In a very revealing letter written to Anna Austen (10 August 1814), Austen writes, ‘Your Aunt C[assandra] does not like desultory novels, & is rather fearful yours will be too much so, that there will be too frequent a change from one set of people to another, & that circumstances will be sometimes introduced of apparent consequence, which will lead to nothing.–It will not be so great an objection to me, if it does. I allow much more Latitude than she does….’ (Chapman 396). And apparently so she did. The abrogation comes at a point in the chapter that takes the reader clearly by surprise coming as it does in medias res and ends abruptly with no allusion to what has preceded it (i.e. the Catherine-Isabella relationship) and no apology for having written it. In that way, it is very much like another abrogation written a century-and-a-half later by yet another resident of Lyme Regis: ‘You may think novelists always have fixed plans to which they work , so that the future predicted by Chapter One is always inexorably the actuality of Chapter Thirteen. But novelists write for countless different reasons: for money, for fame, for reviewers, for parents, for friends, for amusement…Only one same reason is shared by all of us: we wish to create worlds as real as, but other than the world that is’ (Fowles 98). The similarities between these two excerpts are notable in that Austen has knowingly undermined the linear progression of the novel just as Fowles was to have done in The French Lieutenant’s Woman. Austen has acknowledged the artifice of the novel from the first sentence of the first chapter, but clearly registers a self-reflexive posture in Chapter Five that not only denies the reader’s expectation, but repositions the state of the novel in a uniquely different way.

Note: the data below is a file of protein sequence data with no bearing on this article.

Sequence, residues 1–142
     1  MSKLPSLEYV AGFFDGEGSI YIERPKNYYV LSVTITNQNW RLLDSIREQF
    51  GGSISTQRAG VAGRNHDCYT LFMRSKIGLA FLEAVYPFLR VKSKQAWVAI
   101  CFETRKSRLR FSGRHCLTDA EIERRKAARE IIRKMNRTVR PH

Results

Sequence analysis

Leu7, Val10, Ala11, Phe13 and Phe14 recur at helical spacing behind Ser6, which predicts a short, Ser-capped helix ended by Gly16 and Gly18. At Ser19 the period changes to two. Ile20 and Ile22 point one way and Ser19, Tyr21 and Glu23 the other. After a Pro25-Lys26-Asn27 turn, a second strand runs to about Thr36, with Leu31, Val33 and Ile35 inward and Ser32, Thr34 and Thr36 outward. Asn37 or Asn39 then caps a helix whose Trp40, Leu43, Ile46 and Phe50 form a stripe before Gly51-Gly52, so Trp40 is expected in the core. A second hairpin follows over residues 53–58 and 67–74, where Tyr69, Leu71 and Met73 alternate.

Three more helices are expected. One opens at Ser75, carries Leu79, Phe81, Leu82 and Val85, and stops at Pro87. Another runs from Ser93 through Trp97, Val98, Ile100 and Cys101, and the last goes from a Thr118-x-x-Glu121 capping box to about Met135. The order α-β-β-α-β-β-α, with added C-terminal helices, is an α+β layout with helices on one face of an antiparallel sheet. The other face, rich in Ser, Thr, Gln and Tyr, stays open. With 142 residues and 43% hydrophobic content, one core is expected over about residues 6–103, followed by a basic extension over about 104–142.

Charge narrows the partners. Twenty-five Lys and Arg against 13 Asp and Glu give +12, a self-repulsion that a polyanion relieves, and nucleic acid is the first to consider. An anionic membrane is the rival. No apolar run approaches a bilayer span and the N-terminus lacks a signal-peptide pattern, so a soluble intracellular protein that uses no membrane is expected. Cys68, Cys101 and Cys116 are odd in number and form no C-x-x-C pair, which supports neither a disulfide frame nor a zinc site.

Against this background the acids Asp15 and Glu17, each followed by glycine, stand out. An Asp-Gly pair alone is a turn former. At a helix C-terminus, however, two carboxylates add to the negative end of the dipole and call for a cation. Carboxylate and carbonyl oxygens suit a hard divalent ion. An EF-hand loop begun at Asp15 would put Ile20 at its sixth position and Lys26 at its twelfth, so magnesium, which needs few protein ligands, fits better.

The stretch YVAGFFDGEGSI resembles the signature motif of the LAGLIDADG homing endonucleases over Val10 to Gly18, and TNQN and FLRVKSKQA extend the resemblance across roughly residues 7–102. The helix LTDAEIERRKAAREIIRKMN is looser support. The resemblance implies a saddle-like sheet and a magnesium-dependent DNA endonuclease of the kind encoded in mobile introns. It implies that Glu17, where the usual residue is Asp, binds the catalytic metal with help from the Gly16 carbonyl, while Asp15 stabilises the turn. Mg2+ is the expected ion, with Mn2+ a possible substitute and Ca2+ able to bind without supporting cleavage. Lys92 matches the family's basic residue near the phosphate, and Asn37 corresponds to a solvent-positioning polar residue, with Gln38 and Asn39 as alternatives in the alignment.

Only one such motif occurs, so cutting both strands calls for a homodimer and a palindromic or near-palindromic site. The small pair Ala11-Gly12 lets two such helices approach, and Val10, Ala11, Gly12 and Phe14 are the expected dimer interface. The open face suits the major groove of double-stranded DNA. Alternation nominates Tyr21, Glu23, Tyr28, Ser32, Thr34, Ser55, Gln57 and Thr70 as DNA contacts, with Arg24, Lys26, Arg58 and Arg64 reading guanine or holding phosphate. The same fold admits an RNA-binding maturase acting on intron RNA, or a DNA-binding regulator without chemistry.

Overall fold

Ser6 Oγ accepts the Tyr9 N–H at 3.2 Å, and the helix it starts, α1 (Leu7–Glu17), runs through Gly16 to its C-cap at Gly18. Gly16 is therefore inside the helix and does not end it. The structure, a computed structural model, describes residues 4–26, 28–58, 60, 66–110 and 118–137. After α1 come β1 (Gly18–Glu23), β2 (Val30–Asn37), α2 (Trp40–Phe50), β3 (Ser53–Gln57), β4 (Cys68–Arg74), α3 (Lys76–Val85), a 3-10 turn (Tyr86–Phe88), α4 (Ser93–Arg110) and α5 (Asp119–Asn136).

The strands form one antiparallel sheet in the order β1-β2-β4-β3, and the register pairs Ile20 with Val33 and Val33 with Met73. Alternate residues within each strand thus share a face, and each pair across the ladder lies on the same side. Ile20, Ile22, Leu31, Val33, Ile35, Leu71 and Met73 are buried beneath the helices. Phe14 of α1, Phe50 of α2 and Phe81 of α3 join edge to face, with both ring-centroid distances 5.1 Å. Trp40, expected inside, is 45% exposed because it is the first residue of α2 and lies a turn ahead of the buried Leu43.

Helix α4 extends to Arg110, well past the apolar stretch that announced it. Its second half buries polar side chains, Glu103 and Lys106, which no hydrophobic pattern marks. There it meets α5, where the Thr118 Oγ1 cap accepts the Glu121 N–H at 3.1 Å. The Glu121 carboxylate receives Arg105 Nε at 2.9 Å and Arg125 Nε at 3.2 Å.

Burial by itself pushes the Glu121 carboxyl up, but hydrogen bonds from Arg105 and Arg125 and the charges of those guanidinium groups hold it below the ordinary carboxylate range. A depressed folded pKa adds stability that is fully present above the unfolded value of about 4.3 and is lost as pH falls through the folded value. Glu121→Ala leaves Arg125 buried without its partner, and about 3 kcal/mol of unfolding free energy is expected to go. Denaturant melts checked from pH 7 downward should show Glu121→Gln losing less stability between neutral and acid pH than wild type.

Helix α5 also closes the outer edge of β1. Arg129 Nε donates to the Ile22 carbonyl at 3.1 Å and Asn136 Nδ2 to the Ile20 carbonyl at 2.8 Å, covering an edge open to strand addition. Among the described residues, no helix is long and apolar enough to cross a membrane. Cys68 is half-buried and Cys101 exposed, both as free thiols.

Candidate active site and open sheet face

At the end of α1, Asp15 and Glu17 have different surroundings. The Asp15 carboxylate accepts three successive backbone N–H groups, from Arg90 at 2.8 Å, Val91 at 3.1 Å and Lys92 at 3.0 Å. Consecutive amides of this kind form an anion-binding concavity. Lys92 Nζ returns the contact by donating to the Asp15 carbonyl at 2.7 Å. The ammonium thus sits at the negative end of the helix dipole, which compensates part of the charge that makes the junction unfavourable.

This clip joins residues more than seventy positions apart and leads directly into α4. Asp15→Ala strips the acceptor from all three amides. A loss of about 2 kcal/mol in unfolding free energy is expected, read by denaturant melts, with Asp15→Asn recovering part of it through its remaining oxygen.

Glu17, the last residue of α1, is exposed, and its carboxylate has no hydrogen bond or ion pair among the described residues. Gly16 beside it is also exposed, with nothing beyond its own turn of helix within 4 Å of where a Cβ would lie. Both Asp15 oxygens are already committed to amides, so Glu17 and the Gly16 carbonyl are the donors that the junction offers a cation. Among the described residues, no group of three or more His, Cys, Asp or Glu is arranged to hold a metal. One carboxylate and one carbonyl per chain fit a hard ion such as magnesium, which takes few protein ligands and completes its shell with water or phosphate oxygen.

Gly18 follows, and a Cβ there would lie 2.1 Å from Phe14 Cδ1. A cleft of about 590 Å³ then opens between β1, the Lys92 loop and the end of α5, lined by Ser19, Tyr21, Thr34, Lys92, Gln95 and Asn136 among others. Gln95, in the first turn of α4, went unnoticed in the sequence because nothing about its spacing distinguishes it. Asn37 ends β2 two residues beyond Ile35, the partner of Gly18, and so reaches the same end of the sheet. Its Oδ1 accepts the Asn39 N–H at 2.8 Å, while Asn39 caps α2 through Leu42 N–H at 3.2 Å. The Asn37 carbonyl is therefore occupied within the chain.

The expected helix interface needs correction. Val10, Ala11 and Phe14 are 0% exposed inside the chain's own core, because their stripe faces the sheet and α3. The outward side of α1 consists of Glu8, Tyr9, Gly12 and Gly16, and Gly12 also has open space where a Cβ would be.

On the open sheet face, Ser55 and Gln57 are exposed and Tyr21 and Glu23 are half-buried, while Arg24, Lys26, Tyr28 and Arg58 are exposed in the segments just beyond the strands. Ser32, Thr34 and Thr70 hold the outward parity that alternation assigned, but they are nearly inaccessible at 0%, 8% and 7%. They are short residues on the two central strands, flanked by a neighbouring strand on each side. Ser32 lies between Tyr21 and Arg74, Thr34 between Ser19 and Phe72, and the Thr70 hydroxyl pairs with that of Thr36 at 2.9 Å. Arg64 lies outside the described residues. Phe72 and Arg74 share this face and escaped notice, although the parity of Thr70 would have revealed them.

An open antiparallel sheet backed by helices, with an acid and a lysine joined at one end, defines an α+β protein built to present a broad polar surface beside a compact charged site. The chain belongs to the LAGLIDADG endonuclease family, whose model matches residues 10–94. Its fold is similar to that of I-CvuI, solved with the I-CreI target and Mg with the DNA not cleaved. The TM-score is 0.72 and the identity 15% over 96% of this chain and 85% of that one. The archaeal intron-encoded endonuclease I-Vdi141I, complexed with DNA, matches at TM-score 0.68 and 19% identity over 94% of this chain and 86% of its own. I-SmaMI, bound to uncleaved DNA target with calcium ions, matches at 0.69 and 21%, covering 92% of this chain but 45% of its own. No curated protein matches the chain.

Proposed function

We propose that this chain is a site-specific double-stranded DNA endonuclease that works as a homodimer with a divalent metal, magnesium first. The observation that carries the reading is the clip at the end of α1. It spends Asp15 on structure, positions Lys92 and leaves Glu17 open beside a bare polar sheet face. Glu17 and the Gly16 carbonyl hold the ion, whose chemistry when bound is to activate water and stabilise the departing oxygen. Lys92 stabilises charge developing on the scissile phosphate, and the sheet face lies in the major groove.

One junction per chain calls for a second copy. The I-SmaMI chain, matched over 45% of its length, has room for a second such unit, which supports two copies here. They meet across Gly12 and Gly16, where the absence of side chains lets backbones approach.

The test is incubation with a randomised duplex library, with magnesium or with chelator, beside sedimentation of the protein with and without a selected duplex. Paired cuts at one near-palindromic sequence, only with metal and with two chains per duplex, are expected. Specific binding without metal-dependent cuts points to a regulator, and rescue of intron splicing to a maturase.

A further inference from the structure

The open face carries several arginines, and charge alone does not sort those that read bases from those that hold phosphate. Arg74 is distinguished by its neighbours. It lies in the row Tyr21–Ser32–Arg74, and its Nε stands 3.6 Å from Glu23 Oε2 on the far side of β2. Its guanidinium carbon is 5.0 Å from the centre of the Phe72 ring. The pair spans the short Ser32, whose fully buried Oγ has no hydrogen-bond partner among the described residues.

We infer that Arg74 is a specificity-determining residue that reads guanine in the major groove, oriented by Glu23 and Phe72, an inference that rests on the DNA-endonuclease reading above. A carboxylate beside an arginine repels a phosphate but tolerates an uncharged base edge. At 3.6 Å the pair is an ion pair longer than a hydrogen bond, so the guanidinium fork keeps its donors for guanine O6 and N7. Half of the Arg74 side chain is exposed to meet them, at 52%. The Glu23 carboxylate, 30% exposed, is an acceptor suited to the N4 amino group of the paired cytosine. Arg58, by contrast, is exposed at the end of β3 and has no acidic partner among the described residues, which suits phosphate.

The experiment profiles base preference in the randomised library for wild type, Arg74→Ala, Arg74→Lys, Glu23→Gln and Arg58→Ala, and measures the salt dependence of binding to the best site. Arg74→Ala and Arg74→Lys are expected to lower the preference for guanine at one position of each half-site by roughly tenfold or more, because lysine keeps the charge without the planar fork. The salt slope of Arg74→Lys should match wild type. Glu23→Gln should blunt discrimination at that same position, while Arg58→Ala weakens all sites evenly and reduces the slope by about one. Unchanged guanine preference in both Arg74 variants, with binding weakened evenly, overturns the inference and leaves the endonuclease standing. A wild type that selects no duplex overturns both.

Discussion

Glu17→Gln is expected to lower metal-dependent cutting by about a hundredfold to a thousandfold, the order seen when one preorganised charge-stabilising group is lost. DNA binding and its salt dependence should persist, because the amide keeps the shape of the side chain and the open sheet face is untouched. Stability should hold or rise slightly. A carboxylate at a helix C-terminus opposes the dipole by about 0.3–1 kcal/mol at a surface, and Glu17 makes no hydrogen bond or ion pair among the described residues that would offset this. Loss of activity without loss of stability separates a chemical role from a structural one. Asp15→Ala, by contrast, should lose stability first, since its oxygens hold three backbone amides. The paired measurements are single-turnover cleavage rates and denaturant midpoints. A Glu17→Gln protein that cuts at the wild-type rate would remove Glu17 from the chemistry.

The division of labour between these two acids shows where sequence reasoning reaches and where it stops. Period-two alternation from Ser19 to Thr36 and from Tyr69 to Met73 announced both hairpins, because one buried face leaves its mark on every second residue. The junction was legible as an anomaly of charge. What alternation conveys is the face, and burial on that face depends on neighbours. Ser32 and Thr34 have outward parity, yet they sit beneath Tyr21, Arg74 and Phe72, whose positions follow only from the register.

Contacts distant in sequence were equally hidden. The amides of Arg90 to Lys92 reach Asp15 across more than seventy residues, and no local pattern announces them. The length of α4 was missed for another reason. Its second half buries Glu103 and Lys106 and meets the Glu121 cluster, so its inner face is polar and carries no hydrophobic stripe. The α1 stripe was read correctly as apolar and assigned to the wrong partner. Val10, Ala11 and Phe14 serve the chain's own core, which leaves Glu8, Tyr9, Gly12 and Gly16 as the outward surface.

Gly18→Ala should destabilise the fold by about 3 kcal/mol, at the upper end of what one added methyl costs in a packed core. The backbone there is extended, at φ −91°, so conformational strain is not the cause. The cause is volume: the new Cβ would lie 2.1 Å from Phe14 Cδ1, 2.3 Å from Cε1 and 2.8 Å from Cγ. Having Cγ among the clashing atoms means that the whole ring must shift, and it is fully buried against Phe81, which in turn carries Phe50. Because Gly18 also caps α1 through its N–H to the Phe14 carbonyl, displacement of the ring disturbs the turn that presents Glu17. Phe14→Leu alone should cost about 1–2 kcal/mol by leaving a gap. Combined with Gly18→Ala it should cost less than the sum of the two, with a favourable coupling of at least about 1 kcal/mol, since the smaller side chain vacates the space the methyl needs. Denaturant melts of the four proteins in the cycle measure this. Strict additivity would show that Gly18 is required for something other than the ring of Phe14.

From that moment on, the reader can expect nothing in the way of what one might expect to expect and Austen makes that clear in almost every subsequent chapter. When Chapter VI begins there is not even a hint of the diatribe written in Chapter V. She picks up the thread of the narrative where she left off prior to the diatribe and maintains the mode of expectation denied or, in contrast, unexpectation met, throughout. For example, Catherine unexpectedly meets her brother, James, in Bath; when she first meets Tilney he does not dance with her; on a carriage ride with Thorpe, ‘they went in the quietest manner imaginable, without a plunge or a caper, or any thing like one’ (Austen IX); a trip to Blaize Castle is unremarkable; expecting to see Miss Tilney at her window, Catherine sees no one; and finally we read in Chapter XIV that, ‘The Tilneys called for her at the appointed time; and no new difficulty arising, no sudden recollection, no unexpected summons, no impertinent intrusion to disconcert their measures, my heroine was most unnaturally able to fulfil her engagement, though it was made with the hero himself’ (Austen XIV). In short, whatever one might expect to happen to our heroine, it does not.
Finally, after six weeks in Bath (which, coincidentally, is where Radcliffe spent much of her youth) and after 115 pages (or over half the novel) Northanger Abbey is finally mentioned in the context of Catherine’s visit. ‘Northanger Abbey!–These were the thrilling words, and wound up Catherine’s feelings to the highest point of ecstasy’ (Austen 115). And with the invitation comes Catherine’s inevitable expectations about the abbey itself. ‘With all the chances against her of house, hall, place, park, court, and cottage, Northanger turned up an abbey, and she was to be its inhabitant. Its long, damp passages, its narrow cells and ruined chapel, were to be within her daily reach, and she could not entirely subdue the hope of some traditional legends, some awful memorials of an injured and ill-fated nun’ (Austen 117). Not only are the speculations grounded in the fiction she has read (for example, Radcliffe), but the speculations foreground the reader for the possibility of a gothic betrayal. That is, like Walpole’s The Castle of Otranto (1764) Catherine’s focus is on ‘the castle or great house as a field of force for its usurping tyrant, and as simultaneously a harbourer and revealer of secrets’ (Radcliffe, Sicilian ix); however, the reader has already been put on notice that whatever is deemed to be Gothic is merely Catherine’s fiction and Austen’s metafiction. Northanger Abbey becomes, as the ‘critical space’ a mantissa in that it is and has been supplemental, almost ancillary, to the diegetic pose that Austen has presented.